My PBS colleague Mark Shields recently reminded me of the old saying that Democrats fall in love but Republicans fall in line.
Democrats have historically liked presidential nominees they can go gaga for, even if they lack experience: Barack Obama, Bill Clinton and John F. Kennedy. Republicans on the other hand like to nominate the guy who’s paid his dues and already lost a presidential run: Ronald Reagan, Bob Dole, John McCain and Mitt Romney.
So far this year, the parties have switched love languages. Democratic voters have become responsible and middle-aged, telling pollsters they want experienced pols who can work within the system. Republicans are embracing their inner adolescent.
By a majority of 64 percent to 30 percent, conservative Republicans tell pollsters they want their candidate to be an outsider. Republican governors in the debates reel off long data-filled paragraphs about their accomplishments, and you can feel the entire Republican electorate doing the bored valley girl eye roll.
Republicans radiate more alienation than the sophomore class at a Berkeley alternative high school. They have also entered a weird post-material political space. Many Republicans show little interest in candidates who offer proposals, but flock to the ones who offer outrageous self-expression.
Donald Trump has emerged as the prankster narcissus. It doesn’t matter that he might not be able to find Syria on a map; he offers America hair, boasting, misogyny and insult. There’s no woman who can’t be reduced to a physical object. The socially insecure rise and applaud as he insults the people they’d never have the guts to take on themselves.
Republicans used to be split between economic and social conservatives. But this year the big fight is tactical.
One group wants to rip up the political process and disrupt everything. Renounce the Iran deal on Day 1, no matter what our allies say. Ignore the Supreme Court and effectively disallow gay marriage. Shut down the government to defund Planned Parenthood. Magically deport the 11 million illegal immigrants.
This is more or less the Bobby Jindal-Ted Cruz wing. (During those milliseconds when Trump is capable of entertaining a policy thought, he wanders into this camp.)
The others, like Lindsey Graham, John Kasich and Jeb Bush, live within the confines of reality. You can’t actually defund Planned Parenthood or end Obamacare if you don’t control the White House. Offending every global ally on the first day of a new administration might have some nasty knock on effects. You can’t actually erase the 14th Amendment and end birthright citizenship.
Over the summer the burn-down-the-house crowd had an amazing run, but if this week’s debate is a sign of anything, it is that the party is going to go off on a different trajectory. The outsiders are about to slide. Trump’s Don Rickles act wears thin. His ego may be galaxy-sized, but his policy ignorance is a void that overspills the known universe. He’s the Wizard of Oz. When the bluster curtain falls down, what’s left is pathetic.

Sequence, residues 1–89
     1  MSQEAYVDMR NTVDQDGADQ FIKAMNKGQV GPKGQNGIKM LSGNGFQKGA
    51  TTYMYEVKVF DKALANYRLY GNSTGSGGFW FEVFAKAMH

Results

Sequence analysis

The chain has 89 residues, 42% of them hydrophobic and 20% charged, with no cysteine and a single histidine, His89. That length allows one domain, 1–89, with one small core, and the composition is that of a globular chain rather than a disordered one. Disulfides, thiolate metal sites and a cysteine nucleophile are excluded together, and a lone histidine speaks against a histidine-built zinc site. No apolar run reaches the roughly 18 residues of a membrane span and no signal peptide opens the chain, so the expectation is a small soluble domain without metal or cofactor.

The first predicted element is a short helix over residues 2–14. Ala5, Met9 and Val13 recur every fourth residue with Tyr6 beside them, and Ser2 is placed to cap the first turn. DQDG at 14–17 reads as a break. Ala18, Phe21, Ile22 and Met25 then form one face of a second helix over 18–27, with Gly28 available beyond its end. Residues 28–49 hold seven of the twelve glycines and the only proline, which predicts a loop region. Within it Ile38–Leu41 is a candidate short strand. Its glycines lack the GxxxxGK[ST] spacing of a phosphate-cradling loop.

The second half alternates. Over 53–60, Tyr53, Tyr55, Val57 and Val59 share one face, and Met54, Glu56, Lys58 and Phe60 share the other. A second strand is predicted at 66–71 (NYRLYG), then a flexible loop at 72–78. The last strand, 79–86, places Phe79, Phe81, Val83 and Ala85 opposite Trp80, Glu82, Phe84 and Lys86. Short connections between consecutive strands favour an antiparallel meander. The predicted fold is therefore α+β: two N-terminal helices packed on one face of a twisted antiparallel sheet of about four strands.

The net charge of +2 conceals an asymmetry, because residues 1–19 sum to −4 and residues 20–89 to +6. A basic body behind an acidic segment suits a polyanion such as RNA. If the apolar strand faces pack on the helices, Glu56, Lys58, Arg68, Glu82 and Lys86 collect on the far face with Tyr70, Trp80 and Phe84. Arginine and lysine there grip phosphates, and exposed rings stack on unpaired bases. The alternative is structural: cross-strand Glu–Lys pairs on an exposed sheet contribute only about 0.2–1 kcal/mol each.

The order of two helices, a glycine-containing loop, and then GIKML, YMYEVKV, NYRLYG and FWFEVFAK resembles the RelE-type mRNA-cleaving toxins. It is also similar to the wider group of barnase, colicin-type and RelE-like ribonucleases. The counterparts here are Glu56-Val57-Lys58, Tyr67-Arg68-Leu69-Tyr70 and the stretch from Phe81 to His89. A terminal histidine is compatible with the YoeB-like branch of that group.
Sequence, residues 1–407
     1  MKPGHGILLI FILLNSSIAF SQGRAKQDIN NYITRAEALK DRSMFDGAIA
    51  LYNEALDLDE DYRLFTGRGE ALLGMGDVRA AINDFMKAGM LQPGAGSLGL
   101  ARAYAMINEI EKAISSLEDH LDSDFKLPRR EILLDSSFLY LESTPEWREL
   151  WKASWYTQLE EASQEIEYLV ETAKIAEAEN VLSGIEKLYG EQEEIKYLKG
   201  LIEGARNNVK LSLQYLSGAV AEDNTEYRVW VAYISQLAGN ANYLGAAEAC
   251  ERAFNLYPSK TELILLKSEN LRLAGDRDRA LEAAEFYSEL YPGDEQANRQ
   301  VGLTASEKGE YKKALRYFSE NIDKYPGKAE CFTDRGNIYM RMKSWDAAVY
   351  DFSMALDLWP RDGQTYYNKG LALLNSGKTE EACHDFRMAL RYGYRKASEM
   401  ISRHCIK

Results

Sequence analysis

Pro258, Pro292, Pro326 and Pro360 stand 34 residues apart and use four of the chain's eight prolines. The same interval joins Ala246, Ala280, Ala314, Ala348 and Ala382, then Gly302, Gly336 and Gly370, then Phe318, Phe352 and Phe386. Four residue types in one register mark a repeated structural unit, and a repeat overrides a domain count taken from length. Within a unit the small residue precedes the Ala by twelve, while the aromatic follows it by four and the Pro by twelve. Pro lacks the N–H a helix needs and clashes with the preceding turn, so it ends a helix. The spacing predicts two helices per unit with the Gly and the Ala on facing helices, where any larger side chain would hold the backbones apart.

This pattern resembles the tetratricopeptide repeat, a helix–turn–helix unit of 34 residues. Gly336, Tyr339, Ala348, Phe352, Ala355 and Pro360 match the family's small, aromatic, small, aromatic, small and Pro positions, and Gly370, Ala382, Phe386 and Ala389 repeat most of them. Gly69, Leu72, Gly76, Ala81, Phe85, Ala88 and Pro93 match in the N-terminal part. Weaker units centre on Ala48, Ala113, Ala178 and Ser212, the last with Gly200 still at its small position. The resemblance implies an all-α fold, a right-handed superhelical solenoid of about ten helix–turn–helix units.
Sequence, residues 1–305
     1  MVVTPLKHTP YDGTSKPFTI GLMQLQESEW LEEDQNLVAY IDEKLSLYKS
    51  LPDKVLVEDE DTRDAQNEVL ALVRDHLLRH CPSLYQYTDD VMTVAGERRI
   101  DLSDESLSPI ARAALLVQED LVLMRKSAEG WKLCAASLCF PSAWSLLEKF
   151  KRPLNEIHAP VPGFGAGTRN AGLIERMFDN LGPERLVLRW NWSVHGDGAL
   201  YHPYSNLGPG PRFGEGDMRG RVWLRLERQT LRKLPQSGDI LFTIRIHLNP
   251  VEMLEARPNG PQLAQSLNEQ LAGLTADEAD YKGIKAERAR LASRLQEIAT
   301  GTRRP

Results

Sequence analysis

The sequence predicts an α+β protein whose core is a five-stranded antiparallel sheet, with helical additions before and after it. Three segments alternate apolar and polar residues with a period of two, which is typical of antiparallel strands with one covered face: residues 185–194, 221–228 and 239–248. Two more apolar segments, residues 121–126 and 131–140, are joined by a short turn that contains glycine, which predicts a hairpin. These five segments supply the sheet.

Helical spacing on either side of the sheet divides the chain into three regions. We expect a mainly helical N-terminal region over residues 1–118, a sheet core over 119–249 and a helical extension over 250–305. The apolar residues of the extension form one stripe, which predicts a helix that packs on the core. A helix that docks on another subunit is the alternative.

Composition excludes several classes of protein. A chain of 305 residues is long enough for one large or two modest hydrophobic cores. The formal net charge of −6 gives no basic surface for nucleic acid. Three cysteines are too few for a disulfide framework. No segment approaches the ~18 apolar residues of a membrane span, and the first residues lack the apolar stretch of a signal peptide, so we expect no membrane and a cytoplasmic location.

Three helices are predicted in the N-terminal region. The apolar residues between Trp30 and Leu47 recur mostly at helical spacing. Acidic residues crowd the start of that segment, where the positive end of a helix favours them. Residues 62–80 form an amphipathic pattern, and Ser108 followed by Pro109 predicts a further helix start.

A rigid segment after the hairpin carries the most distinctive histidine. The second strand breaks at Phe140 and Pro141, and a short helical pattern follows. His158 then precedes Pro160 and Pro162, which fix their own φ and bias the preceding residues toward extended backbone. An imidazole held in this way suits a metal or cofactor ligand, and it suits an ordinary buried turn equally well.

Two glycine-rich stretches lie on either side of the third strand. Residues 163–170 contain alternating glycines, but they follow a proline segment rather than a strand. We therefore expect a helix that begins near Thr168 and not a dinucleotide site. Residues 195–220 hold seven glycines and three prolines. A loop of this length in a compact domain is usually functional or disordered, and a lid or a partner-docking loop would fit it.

That doesn’t mean the party will snap back to its old establishmentarian tendencies. Bush had several moments to deliver a devastating blow — like challenging Trump for going after his wife — but he couldn’t quite turn them into hot-blooded signature moments. Three hundred and fifty years of WASP reticence have left habits of gentility and emotional guardedness that inhibit him, just as they inhibited his father.
When Trump attacked him for his bilingualism, Bush retorted, “Well, I’ve been speaking English and I’ll keep speaking English!” This is not exactly a killer retort. It’s a nice guy’s impersonation of a killer retort.
Instead, the party will veer on a course midway between outsider and establishment. It will probably end up with some hybrid candidate — sharp of tongue, gifted in self-expression and yet still anchored in the world of reality.
That’s where Carly Fiorina and Marco Rubio come in. So far, Fiorina has looked like the most impressive candidate. She has a genius for creating signature moments. (“If you want to stump a Democrat, ask them to name an accomplishment of Mrs. Clinton’s.”) But her spotty record at Hewlett-Packard probably means she can’t start at the top of the ticket.
Rubio is young and thus uncorrupted, and he is a genius at relating policy depth in a way that is personal. He has clarity of mind and can sum up a complex subject — Russia, the Middle East — in a way that is comprehensible but not oversimplified.
This debate was one moment in time, but you can see the vectors of where this campaign is headed. This is no longer Bob Dole’s or George H.W. Bush’s GOP. But it’s not going to completely lose its mind, either.
It’s going to be somewhat the same, but edgier and more renegade. Right now, Rubio, Fiorina and maybe Chris Christie are best positioned to occupy that space.
David Brooks became a New York Times Op-Ed columnist in September 2003. He has been a senior editor at The Weekly Standard, a contributing editor at Newsweek and the Atlantic Monthly, and is currently a commentator on “The Newshour with Jim Lehrer.”